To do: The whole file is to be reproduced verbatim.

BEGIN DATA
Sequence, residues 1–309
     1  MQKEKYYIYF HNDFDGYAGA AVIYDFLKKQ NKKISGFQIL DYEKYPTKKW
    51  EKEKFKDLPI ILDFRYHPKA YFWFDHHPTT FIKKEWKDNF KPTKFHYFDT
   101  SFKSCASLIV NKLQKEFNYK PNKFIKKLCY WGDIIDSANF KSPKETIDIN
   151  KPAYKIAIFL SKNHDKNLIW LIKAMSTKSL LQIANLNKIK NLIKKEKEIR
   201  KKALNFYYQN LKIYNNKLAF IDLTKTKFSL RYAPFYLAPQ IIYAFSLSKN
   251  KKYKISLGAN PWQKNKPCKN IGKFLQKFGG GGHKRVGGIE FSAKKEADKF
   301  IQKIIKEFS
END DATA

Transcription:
Sequence, residues 1–309
     1  MQKEKYYIYF HNDFDGYAGA AVIYDFLKKQ NKKISGFQIL DYEKYPTKKW
    51  EKEKFKDLPI ILDFRYHPKA YFWFDHHPTT FIKKEWKDNF KPTKFHYFDT
   101  SFKSCASLIV NKLQKEFNYK PNKFIKKLCY WGDIIDSANF KSPKETIDIN
   151  KPAYKIAIFL SKNHDKNLIW LIKAMSTKSL LQIANLNKIK NLIKKEKEIR
   201  KKALNFYYQN LKIYNNKLAF IDLTKTKFSL RYAPFYLAPQ IIYAFSLSKN
   251  KKYKISLGAN PWQKNKPCKN IGKFLQKFGG GGHKRVGGIE FSAKKEADKF
   301  IQKIIKEFS